In Israel's early traditions, God was perceived as administering the cosmos with a retinue of divine assistants. The members of this divine council were identified generally as “sons of God” and “morning stars” (Job 1.6; 38.7), “gods” (Ps. 82) or the “host of heaven” (Neh. 9.6; cf. Rev. 1.20), and they functioned as God's vicegerents and administrators in a hierarchical bureaucracy over the world (Deut. 32.8 [LXX]; cf. 4.19; 29.26). Where Israel's polytheistic neighbors perceived these beings as simply a part of the pantheon, the Bible depicts them as subordinate and in no way comparable to the God of Israel.
The most ancient Israelites would probably have felt uncomfortable in describing all these beings as “angels,” for the English word “angel” comes from the Greek aggelos, which at first simply meant “messenger” (as does the Hebrew term for angel, malʾāk). God's divine assistants were often more than mere messengers. Cherubim and seraphim, for example, never function as God's messengers, for their bizarre appearance would unnecessarily frighten humans. On the contrary, God is frequently depicted in early narratives as dispensing with divine messengers, for he deals directly with humans without intermediaries (See Theophany).
As time passed, however, an increasing emphasis on God's transcendence correlated with an increasing need for divine mediators. These beings who brought God's messages to humans are typically portrayed as anthropomorphic in form, and such a being may often be called a “man” (Gen. 18.2; Josh. 5.13; Ezek. 9.2, 11; Dan. 9.21; 12.6–7; Zech. 1.8; Luke 24.4). The members of God's council are the envoys who relay God's messages and perform tasks appropriate to their status as messengers (1 Kings 22.19–22; Job 1.6–12). In some narratives of encounters with supernatural beings, there is reluctance to identify them by name (Gen. 32.29; Judg. 13.17–18). But as these messengers become more and more frequent, they eventually are provided with individual names and assigned increasingly specific tasks that go beyond that of a messenger. The only two angels named in the Hebrew Bible are in the book of Daniel: Gabriel reveals the future (Dan. 8–9; cf. Luke 1) while Michael has a more combative role, opposing the forces of evil (Dan. 10, 12; Jude 9; Rev. 12.7). The angelic hierarchy becomes more and more explicit and elaborate (Dan. 10.13; Eph. 6.12; Jude 9; 1 Pet. 3.22; See Archangels), and each human being has his or her own protecting angel (Matt. 18.10; Acts 12.15). The term “messenger” (Grk. aggelos; Hebr. malʾāk) is used so frequently to depict these beings in their encounters with humans that it becomes a generic term to describe all supernatural beings apart from God, whether or not they actually functioned as messengers.
Angels are depicted as having the freedom to make moral choices, for they require judicial supervision (1 Cor. 6.3; Jude 6) and God himself is reluctant to trust them (Job 4.18). The Bible records a number of angelic rebellions or perversions (Gen. 6.1–4; Ps. 82; Isa. 14.12–15; Ezek. 28; 2 Pet. 2.4; Rev. 12.4–9), as a result of which some rebel angels are already incarcerated (Jude 6).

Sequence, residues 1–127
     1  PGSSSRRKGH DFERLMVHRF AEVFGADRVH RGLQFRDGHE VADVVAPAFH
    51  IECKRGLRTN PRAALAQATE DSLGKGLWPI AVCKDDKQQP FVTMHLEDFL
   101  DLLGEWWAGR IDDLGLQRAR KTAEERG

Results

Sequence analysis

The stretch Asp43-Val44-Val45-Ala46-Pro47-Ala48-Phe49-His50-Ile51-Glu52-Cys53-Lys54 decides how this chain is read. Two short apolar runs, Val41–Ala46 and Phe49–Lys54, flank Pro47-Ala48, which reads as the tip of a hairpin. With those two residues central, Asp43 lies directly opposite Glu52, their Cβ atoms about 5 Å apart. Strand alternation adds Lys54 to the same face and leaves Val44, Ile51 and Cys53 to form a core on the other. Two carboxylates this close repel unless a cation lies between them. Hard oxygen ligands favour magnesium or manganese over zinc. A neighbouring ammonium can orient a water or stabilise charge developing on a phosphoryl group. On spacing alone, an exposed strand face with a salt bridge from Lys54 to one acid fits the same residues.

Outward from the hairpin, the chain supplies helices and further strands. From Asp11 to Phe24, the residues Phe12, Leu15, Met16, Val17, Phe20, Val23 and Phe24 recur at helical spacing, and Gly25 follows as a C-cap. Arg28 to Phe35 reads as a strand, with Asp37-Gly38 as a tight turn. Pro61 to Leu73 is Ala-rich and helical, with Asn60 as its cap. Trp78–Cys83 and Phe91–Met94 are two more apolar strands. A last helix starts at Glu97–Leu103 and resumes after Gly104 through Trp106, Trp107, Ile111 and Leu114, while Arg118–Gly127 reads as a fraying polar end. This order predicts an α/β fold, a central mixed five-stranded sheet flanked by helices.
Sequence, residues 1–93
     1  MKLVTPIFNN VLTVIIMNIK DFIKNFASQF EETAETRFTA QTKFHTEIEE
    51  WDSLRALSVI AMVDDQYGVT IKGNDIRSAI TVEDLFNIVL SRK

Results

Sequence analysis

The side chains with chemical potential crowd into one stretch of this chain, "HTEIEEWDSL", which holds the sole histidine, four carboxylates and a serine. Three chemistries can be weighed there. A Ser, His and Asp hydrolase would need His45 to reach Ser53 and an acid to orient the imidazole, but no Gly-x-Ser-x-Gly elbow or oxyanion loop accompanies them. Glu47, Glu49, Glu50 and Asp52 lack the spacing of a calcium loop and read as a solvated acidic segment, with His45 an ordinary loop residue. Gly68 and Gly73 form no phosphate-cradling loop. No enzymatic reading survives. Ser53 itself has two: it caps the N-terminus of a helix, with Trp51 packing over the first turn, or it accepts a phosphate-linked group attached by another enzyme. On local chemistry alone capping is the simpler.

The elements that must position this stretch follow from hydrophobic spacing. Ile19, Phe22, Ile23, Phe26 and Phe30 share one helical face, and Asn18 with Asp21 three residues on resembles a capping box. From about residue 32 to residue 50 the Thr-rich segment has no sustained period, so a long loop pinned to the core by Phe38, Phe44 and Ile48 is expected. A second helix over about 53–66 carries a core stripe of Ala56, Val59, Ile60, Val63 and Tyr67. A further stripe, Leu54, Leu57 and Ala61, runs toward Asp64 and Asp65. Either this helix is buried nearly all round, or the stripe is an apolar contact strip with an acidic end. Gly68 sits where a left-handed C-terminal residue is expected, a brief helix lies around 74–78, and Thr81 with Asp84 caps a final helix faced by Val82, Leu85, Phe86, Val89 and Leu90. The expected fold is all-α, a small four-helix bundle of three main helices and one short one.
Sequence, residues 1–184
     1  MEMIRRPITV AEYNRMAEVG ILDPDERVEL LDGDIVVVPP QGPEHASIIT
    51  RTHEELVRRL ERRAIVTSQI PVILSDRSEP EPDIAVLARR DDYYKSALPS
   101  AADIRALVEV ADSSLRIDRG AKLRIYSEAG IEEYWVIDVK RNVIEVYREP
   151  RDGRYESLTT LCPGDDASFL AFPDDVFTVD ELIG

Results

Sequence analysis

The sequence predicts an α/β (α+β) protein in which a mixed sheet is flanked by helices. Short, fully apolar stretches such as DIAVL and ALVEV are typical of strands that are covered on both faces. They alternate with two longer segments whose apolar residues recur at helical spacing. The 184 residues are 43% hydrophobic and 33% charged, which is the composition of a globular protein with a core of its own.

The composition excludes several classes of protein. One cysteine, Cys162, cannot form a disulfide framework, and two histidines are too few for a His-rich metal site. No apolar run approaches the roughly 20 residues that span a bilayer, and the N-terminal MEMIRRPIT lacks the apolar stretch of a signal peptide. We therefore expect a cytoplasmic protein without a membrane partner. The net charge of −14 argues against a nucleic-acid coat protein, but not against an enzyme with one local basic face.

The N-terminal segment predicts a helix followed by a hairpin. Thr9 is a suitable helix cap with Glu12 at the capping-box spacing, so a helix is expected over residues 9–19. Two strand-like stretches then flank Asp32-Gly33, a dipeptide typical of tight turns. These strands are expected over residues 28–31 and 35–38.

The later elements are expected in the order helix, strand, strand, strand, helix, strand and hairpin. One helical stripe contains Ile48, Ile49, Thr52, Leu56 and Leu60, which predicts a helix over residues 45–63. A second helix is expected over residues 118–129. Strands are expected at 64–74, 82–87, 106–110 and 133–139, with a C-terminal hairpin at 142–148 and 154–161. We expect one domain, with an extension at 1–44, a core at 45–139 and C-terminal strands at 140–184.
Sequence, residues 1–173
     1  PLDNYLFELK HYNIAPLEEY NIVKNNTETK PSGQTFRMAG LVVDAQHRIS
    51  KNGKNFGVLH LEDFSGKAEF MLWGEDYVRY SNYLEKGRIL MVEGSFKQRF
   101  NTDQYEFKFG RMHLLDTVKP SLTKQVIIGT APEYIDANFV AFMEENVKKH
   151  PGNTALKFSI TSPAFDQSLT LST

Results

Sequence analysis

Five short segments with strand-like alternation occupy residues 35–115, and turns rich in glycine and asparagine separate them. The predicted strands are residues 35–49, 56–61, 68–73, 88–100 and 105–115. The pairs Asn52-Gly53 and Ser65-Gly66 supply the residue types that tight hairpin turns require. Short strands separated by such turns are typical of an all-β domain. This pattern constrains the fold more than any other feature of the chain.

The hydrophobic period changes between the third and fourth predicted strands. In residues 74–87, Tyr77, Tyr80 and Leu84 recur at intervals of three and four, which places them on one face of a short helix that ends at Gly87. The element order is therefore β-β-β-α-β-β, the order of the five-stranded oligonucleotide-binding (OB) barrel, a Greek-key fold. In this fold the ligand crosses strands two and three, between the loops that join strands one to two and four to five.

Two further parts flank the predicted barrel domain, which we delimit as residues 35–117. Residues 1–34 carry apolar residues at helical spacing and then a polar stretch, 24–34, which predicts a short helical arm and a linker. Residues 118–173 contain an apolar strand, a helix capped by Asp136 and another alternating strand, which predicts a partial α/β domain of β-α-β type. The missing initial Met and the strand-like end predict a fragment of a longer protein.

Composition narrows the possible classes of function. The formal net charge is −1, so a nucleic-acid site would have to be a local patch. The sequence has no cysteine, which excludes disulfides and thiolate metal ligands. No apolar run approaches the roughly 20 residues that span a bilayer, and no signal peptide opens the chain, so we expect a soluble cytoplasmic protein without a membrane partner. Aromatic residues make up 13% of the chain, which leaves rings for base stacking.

“The Angel [or Messenger] of the Lord” is a problematic figure. The ambiguous Hebrew phrase is best translated without the definite article, that is, “an angel [messenger] of Yahweh” (as do the Septuagint and NJV; cf. Matt. 1.20; 2.13, 19; 28.2; Acts 8.26). Later Christian theology tended to see the preincarnate Christ in this figure (hence the definite article), but the phrase probably referred vaguely to any mediator sent by God. He may be human (Hag. 1.13; Mal. 2.7). When the figure is clearly referred to as superhuman, he does not always function as a messenger but instead talks and behaves as if he were God, even failing to introduce his words as the message of another who sent him. Since early stories are internally inconsistent, identifying the figure as both God and God's messenger (Gen. 16.7–13; 22.11–12; 31.11–13; Exod. 3.2–4; Judg. 6.11–23), it is probable that some of these stories originally described God at work but were modified through time to accommodate God's increasing transcendence as one who no longer casually confronted humankind.
The increasing role played by angels in the later stages of the Hebrew Bible is found everywhere in the New Testament. The voice of God (the Father) is only exceptionally heard in the New Testament, unlike earlier biblical traditions. Instead, angels bring God's message to humans (Matt. 1.20; Luke 1.11, 26; 2.9; Acts 8.26; 10.3) and assist Jesus (Matt. 4.1; Luke 22.43) and his followers (Acts 5.19; 12.7). Angels have limited knowledge (Matt. 24.36; 1 Pet. 1.12), and when they appear to human beings, they may be described as descending from heaven (Matt. 28.2; John 1.51; cf. Gen. 28.12). Although Jesus alludes to the absence of the institution of marriage among angels (Matt. 22.30), angels are sexual beings (Gen. 6.4; Zech. 5.9). Some Jews, particularly the most conservative, denied their existence (Acts 23.8). But among Jews and Christians in general, angelology continued to develop so that not only was Satan provided with his own retinue of angels as a counterpart to God (Matt. 25.41; 2 Cor. 12.7), but hundreds of names and functions are also applied to angels in extrabiblical texts such as the books of Enoch.
Samuel A. Meier